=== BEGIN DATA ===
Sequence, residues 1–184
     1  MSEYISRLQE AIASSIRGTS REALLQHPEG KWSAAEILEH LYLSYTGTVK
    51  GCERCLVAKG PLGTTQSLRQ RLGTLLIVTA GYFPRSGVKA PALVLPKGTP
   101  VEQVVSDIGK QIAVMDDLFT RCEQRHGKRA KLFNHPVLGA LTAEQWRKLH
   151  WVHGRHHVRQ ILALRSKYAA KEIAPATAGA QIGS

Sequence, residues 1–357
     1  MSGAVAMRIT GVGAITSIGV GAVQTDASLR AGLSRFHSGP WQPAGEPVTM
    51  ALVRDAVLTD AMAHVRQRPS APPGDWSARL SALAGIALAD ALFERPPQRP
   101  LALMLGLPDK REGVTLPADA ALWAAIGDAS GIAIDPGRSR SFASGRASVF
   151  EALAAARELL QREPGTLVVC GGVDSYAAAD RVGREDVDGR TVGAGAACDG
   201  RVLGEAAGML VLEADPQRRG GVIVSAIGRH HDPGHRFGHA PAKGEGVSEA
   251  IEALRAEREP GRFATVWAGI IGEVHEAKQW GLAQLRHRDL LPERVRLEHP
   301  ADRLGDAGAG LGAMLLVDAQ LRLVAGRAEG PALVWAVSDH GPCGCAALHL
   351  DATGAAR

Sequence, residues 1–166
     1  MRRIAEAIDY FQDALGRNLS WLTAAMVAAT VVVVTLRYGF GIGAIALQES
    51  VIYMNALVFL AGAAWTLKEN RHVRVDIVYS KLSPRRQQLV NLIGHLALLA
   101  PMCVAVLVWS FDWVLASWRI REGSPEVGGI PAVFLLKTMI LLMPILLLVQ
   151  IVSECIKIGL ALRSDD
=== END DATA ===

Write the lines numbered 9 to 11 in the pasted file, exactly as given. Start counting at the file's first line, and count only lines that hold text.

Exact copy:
   101  LALMLGLPDK REGVTLPADA ALWAAIGDAS GIAIDPGRSR SFASGRASVF
   151  EALAAARELL QREPGTLVVC GGVDSYAAAD RVGREDVDGR TVGAGAACDG
   201  RVLGEAAGML VLEADPQRRG GVIVSAIGRH HDPGHRFGHA PAKGEGVSEA